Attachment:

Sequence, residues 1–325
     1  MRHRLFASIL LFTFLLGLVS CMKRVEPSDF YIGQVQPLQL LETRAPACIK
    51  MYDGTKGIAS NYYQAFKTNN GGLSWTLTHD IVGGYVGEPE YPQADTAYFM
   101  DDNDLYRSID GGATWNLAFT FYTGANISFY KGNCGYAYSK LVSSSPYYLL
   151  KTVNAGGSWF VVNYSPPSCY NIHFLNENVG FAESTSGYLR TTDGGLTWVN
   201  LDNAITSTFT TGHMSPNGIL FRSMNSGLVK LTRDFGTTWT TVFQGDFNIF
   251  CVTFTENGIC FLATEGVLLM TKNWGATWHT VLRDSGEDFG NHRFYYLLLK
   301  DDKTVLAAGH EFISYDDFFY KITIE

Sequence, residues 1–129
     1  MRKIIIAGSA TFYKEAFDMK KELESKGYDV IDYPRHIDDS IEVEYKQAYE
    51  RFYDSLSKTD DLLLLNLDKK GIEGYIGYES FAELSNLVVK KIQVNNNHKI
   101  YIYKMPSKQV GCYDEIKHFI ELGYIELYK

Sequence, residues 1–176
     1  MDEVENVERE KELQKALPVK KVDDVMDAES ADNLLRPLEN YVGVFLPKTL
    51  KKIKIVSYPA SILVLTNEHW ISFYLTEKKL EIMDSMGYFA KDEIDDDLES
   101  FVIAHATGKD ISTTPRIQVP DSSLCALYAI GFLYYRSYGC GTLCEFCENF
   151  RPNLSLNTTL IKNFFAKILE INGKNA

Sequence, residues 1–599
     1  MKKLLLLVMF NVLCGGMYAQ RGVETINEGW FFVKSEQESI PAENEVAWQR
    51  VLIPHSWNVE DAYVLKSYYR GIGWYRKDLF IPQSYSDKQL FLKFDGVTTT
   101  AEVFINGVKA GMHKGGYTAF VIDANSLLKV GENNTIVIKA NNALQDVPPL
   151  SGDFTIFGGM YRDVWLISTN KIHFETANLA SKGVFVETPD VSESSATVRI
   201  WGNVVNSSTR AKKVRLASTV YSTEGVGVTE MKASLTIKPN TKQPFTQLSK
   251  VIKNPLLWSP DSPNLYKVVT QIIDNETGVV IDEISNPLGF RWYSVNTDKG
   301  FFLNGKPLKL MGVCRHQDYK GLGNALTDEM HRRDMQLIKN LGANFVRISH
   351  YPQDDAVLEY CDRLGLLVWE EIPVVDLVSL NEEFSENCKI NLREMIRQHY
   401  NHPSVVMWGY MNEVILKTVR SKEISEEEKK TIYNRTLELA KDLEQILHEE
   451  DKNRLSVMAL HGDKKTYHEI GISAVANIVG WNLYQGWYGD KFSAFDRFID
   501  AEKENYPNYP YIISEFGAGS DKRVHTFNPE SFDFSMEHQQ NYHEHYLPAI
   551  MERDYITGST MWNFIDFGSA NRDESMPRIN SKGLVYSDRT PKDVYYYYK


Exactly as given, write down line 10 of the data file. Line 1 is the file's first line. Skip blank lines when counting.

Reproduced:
     1  MRKIIIAGSA TFYKEAFDMK KELESKGYDV IDYPRHIDDS IEVEYKQAYE